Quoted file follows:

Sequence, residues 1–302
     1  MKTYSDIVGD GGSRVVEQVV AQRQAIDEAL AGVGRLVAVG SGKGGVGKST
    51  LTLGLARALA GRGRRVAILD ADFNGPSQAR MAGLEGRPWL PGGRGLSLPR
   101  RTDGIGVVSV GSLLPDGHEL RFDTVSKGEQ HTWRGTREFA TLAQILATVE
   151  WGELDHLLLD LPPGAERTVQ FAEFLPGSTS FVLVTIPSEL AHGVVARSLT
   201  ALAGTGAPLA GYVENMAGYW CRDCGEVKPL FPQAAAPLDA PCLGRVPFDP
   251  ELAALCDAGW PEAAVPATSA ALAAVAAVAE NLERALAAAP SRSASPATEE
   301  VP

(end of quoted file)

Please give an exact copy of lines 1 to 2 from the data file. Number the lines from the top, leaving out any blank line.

Sequence, residues 1–302
     1  MKTYSDIVGD GGSRVVEQVV AQRQAIDEAL AGVGRLVAVG SGKGGVGKST